Mohammed Abdulaziz Al Awadhi is a man passionate about human waste.
He's been involved in Dubai's sewage treatment for a quarter of a century, and is now director of Dubai's sewage treatment plants.
In a crisp, white, immaculately clean dishdasha, or full length robe, he cuts a slightly incongruous figure at the city's Jebel Ali sewage treatment plant.
Around three-quarters of the waste processed there arrives through Dubai's network of sewers.
But still, around a quarter arrives in giant orange tankers, coming from labourer accommodation, mostly on the outskirts of the city.
It's the start of a process that turns out a number of by-products, including refined water that is used for agriculture and horticulture.
Where there's muck
Mr Al Awadhi says this is the only way the city can afford to keep parks and green spaces growing so vibrantly.
"Potable water in this part of the world is a commodity which is produced and desalinated and the cost to the government is roughly two dollars per cubic metre," he says.
"Compare that to waste water which is produced from our sewage treatment plant which is costing about half a dollar per cubic metre."
"This water makes it economically feasible to ensure that we have such a wide spread of horticulture and agriculture in the city."
Of course human waste contains quite a lot of nutrients, and once waste water has had plastics, wood and other solids removed, it goes through a range of biological and mechanical processes that keep the treatment plant - amazingly - virtually odour-free.
"Due to the sudden rapid growth of the city, the issues were with the tankers being queued in the long queues, some locations they had to wait up to 40 hours," says Mr Al Awadhi.
"Apart from that because the plant was overloaded, the final product was not meeting exactly the design requirements. And it was discomfort to the public."
But the economic slowdown, which reduced sewage production, combined with fast-tracking construction of the Jebel Ali sewage treatment plant, meant the city finally had a sewage treatment system that could overcome those challenges.
Smell of success
But it's not just about centralised sewage treatment in this part of the world.
On the outskirts of the city sits a desert jungle where brightly coloured dragonflies mingle with rare birds. This is the Al Barari residential community of about two hundred homes which has its very own sewage treatment works.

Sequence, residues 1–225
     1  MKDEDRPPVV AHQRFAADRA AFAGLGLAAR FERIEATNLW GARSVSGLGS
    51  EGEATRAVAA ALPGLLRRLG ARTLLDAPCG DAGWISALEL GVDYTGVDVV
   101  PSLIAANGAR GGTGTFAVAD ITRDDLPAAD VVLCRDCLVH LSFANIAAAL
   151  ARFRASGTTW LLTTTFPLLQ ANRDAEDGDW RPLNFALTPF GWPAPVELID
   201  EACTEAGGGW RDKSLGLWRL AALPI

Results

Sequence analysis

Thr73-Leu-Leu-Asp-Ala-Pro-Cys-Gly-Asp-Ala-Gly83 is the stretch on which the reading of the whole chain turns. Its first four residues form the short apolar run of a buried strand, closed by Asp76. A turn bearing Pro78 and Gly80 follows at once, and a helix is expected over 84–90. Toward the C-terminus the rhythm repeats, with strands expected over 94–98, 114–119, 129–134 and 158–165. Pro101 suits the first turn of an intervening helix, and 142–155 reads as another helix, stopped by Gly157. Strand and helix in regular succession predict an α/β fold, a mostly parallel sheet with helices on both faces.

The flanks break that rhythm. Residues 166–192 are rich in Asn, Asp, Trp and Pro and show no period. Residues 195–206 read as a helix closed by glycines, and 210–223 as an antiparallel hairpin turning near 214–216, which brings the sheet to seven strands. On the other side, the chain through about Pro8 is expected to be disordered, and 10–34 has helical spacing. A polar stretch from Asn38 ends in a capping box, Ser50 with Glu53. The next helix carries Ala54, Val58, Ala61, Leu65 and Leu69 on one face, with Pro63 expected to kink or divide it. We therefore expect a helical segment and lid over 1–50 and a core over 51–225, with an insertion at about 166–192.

The output from that is mixed with water from the government plants, and then put through a further process to ensure the water in extensive waterways around the development doesn't get clogged up with algae.
"It's a sustainable development. I think the vision of the developers was to have a closed loop for their water cycle they wanted to be able to use in their greenery," says Concorde Corodex's director of business development, Mohanned Awad.
"Having a system that's portable and mobile was also important, they wanted to minimise both the footprint and the installation time."
Concorde Corodex is a local company but has been experiencing success exporting its products across the entire region.
"We've exported into basically all regions of the Middle East, North Africa, we have systems in Nigeria, Ghana; we were asked by the United Nations to deliver systems in Sudan," says Mr Awad.
"We have systems in Oman, Yemen. Basically, any area which is a residential area that usually has a septic system or a rural area will look towards a packaged system as a solution to treat their sewage, just because of ease of installation, and ease of operation," he says.
"The science behind these systems is usually in the biology, but the mechanical components are actually very simple to operate and can be done by simple mechanical operators."
It's possible to process the water to even higher levels for other uses.
"There's other technologies we've used... called MBR or membrane bioreactor technology, that will actually treat water to a potable state," says Mr Awad.
"We're not suggesting you drink it, there's actually a lot of applications for ultra purified water, processed water for cooling, water for processes in industrial areas. The applications are really varied, and the technology does exist to treat water to very high levels."
Back at the main sewage treatment plant, there's another by-product which might come as a surprise.
Sludge that was separated from the incoming water gets baked and dried using methane gas which is yet another by-product of the treatment process.
Granules then get bagged and sold to gardeners all across the city as a fertiliser of human origin; a bargain, perhaps, at $2.50 for 25kg.
And clearly demonstrating that in the end, very little to do with waste water in this part of the world, actually goes to waste.